The flavors in the recipe are not bold (I prefer bolder) but they are fine.

Slow-cooked Green Beans with Tomatoes (Turkish recipe, 20/20 appropriate)


  • 3 Tbsps extra virgin olive oil
  • 2 medium onions, chopped
  • 2 garlic cloves, chopped
  • 1 lb. green beans, trimmed and cut in half widthwise
  • 2 medium tomatoes, peeled, cored and chopped
  • 1 cup water
  • 1/2 Tbsp sugar
  • 1 tsp salt – OPTIONAL. DO NOT USE IF ON 20/20
  • Black pepper
  • 1/3 cup roughly chopped mint
  • Thick yogurt, for serving – OPTIONAL
  • Lemon wedges, for serving – OPTIONAL

In a large sauté pan, heat the oil over medium-high heat until hot. Add the onions and stir occasionally, until softened, about 5 minutes. Add the garlic and continue to cook, stirring frequently, 2 minutes. Add the beans, tomatoes, 1 cup water, sugar, salt and pepper and bring just to a boil. Reduce heat to low, then cover and simmer until the beans are very tender, about 45 minutes.

Remove from heat, adjust the seasoning to taste and cool to room temperature, uncovered, about 45 minutes. Stir in the mint and serve with lemon wedges. You can serve with some nonfat thick Greek yogurt but I don’t think it needs it.

Makes 6 side-dish servings.

The nutritional information on the dish (without the yogurt) is as follows:

Barbunya (Pinto Beans with Tomatoes, Carrots)

This is a dish from my childhood… I remember hating this dish (with a passion) for the best part of my young life. Just when I found an appreciation, it was time to leave… Now, I finally found a balanced recipe (my own, from many attempts based on online recipes) that works…. Not better than my mom’s, of course. Is anything really ever better than mom’s though? Or is it the memories associated with those meals that makes it ‘taste’ better? Discussion for another time)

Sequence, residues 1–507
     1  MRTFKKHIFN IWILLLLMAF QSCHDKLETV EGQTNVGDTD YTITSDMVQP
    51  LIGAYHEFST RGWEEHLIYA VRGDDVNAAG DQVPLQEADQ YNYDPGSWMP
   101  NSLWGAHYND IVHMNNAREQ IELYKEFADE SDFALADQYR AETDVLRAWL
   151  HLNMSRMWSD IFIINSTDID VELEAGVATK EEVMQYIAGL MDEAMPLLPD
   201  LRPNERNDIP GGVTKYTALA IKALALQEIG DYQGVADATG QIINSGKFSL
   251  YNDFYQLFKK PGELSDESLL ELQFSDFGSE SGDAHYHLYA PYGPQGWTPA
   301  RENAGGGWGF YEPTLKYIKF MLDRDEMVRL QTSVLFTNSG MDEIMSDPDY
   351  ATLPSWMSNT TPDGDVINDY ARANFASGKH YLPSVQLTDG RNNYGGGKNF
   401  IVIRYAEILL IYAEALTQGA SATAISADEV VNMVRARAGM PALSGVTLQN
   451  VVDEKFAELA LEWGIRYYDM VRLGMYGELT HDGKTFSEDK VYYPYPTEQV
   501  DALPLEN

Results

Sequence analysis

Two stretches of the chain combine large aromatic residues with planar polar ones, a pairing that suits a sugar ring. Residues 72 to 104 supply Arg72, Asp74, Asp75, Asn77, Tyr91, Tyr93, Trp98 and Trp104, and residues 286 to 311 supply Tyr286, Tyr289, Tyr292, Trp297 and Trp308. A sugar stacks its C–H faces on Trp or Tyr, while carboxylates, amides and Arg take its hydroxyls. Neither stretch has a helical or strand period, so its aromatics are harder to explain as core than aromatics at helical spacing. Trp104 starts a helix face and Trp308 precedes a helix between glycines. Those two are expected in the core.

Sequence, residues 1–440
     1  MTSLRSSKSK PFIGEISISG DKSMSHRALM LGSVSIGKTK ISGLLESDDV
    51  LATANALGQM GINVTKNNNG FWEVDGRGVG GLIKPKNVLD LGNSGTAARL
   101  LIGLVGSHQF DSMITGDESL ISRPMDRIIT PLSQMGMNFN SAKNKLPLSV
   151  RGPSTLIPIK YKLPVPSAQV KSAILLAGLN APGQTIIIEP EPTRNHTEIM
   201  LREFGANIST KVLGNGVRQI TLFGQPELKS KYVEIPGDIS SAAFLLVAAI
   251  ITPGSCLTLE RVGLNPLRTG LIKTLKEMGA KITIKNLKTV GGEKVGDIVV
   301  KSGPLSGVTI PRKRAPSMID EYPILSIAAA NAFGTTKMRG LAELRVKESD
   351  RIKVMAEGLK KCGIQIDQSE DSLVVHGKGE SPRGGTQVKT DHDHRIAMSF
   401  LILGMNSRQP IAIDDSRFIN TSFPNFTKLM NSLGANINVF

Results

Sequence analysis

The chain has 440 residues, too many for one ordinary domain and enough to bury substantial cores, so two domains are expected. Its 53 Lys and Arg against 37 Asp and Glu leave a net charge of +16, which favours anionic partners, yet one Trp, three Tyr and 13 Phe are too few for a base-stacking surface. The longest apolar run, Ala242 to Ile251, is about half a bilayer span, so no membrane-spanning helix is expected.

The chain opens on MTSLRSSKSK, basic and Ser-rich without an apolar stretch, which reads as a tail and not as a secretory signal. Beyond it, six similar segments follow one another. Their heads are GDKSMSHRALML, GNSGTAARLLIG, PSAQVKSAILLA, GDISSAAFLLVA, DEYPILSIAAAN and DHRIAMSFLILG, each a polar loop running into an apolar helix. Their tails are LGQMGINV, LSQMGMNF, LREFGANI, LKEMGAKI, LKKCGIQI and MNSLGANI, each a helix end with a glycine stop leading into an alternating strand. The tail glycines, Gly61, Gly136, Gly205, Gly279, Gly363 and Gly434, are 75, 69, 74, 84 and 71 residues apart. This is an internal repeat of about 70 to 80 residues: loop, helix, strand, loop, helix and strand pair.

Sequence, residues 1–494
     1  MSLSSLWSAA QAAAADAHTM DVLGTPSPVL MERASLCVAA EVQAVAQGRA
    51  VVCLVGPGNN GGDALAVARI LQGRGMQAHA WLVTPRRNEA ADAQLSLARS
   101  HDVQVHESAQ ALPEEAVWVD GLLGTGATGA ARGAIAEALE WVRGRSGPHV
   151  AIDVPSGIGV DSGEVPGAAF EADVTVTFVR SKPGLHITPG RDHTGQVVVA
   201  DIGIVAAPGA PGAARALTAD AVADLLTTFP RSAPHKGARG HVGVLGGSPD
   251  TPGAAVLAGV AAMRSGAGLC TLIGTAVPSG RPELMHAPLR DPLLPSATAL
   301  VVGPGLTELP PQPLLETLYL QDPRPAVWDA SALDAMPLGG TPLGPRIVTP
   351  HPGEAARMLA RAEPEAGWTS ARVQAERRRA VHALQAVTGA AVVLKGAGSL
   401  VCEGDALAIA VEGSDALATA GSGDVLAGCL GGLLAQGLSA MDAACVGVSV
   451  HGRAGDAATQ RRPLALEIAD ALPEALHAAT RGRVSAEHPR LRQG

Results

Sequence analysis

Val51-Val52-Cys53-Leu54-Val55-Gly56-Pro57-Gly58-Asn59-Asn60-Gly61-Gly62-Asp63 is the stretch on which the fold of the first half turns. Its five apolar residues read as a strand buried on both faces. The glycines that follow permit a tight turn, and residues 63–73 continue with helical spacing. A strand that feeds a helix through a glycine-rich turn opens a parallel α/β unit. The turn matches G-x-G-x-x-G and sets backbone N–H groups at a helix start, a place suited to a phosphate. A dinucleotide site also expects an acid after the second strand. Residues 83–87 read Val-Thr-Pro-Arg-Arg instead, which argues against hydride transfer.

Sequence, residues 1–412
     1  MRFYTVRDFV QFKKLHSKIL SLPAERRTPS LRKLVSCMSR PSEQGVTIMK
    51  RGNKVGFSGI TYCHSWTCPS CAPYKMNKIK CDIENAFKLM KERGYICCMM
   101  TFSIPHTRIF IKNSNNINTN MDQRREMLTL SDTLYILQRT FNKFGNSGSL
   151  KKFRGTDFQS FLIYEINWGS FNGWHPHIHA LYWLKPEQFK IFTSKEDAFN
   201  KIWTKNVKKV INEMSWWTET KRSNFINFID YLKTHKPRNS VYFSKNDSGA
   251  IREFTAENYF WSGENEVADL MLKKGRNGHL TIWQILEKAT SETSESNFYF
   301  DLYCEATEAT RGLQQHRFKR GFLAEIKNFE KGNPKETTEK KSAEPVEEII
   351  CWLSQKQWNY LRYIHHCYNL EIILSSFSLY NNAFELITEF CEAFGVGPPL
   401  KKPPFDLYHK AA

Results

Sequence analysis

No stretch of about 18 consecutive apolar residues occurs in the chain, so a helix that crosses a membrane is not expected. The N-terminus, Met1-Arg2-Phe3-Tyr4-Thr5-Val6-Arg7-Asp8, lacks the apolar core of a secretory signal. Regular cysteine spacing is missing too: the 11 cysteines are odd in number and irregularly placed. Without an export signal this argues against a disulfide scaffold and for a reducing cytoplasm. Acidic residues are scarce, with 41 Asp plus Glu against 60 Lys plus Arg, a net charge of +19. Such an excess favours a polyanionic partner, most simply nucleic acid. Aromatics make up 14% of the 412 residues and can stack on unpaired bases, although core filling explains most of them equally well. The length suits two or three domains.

Zeytinyagli Barbunya (Pinto Beans with Tomatoes, Carrots)


  • Pinto Beans, 3-4 cups, soaked overnight
  • Onion, 1 large
  • Anaheim Peppers, 2 of them, chopped
  • Carrots, 3-4 medium ones, cut into mini cylinders or half moons
  • Canned Tomatoes
  • Pepper paste, 2 tbsp
  • Garlic, 5-6 cloves, minced
  • Sugar, 1 teaspoon
  • Italian parsley, handful, chopped
  • Lemon, half of one, juiced
  • Black Pepper, to taste
  • Salt – OPTIONAL

In a pressure cooker, cook the beans to appropriate doneness (8-12 minutes to “firm but not hard, soft but not mushy” consistency). Alternatively, boil the beans in a deep pan with enough water for 20-30 minutes.

In a Dutch oven or a 6-qt pan, heat the oil on medium high heat. Sauté the onions and the garlic for 3 minutes. Add the carrots and sauté for 3 more minutes. Add the pepper paste, tomatoes, sugar, salt (don’t add salt, if on 20/20) and black pepper. Sauté for 3 more minutes. Add the peppers and the beans. Stir well. Add a cup of water. Bring to boil and then turn down the heat. Cover and simmer for 15-20 minutes.

When the cooking period is done, mix in the parsley. After the dish is chilled, stir in the lemon juice. Add more lemon juice and Italian parsley as desired while serving.

Serves 10. Small portions, great soothing taste.

Here is the nutrition information on this recipe:

Patlican Kizartmasi (Fried Eggplant with Tomato sauce and Garlic Yogurt)